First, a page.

The paper's aim is to build a model that predicts the optimum tactics for capitalizing on inventions within the context of competitive interaction among large firms. For patenting, the paper seeks to show how invention value and firm rivalry drive the tactics of competing, deterring competitors, retreating from markets, and cooperating. It also aims to explore the effects of the contingencies of patent bulking, technology complexity, spheres of influence, resource similarity, and complementary‐resource tacitness.
The work is conceptual.
The base model shows that patenting can be used to protect markets where there is high invention‐value and high rivalry. When both invention‐value and rivalry are low, the best tactic is to cooperate. When value is high and rivalry low, patenting can be used as a signaling and deterring mechanism, but when value is low and rivalry is high the best option is to let patents lapse and retreat from markets. The moderating effects of patent bulking, technology complexity, spheres of influence, resource similarity, and complementary‐resource tacitness affect rivalry and the amount of patenting that will be done.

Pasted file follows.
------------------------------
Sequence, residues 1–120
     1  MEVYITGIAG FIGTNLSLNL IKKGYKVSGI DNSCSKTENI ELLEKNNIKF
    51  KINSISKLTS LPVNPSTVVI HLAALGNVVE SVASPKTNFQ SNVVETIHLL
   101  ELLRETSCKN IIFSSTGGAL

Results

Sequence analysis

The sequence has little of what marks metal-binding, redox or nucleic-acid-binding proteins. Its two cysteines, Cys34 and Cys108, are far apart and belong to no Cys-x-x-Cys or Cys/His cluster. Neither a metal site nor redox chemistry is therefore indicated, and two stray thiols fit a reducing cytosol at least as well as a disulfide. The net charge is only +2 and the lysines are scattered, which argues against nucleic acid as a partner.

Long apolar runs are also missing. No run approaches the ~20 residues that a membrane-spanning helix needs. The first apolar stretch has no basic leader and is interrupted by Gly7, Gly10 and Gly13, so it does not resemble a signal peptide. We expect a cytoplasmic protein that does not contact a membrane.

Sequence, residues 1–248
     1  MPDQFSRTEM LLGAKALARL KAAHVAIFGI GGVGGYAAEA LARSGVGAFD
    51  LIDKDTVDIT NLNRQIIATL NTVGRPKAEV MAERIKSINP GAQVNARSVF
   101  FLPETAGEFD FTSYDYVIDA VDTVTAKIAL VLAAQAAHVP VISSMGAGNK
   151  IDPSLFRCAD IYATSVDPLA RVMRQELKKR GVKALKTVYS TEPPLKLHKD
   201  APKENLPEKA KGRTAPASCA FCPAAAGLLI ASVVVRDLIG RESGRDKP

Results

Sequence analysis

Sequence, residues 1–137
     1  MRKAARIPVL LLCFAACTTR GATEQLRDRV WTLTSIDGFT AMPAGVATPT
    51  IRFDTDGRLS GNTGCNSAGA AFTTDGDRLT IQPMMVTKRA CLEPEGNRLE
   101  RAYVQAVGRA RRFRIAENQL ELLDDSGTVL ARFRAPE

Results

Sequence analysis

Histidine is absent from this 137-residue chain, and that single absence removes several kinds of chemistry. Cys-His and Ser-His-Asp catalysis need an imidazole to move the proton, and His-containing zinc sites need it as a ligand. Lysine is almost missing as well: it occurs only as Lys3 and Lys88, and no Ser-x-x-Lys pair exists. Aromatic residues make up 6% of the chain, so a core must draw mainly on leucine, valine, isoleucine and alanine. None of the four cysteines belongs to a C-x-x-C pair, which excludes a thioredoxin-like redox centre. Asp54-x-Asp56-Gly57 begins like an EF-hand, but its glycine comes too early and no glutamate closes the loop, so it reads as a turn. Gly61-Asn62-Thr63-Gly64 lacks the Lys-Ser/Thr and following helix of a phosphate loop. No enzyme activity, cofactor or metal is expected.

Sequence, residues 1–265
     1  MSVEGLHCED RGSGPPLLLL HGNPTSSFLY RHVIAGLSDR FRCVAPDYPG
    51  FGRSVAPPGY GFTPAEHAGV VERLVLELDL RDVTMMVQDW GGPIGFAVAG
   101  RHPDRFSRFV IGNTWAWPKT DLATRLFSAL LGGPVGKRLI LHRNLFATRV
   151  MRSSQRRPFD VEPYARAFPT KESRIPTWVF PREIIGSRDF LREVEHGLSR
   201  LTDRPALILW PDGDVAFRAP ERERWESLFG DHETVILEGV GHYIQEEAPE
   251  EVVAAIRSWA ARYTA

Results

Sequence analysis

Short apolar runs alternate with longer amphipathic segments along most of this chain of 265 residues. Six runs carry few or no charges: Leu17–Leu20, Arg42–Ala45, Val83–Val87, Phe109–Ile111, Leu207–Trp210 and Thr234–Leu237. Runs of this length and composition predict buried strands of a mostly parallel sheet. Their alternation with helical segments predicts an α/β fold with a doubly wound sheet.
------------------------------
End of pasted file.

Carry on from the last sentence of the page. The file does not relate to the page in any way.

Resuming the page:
The paper provides propositions for empirical testing that are predictive of firm performance, rivalry, and patent bulking. Despite the authors' attention to key contingencies, it is impossible to be completely comprehensive in addressing all contingencies.
The framework provides tactics for competing and, consequently, maximizing income and minimizing costs.
The work synthesizes extant thinking on patents and multipoint competition. While the base model should be valuable for managers, the overall work should be valuable for academics.
Reed, R. and Storrud‐Barnes, S.F. (2011), "Patenting as a competitive tactic in multipoint competition", Journal of Strategy and Management, Vol. 4 No. 4, pp. 365-383. https://doi.org/10.1108/17554251111181016Download as .RIS
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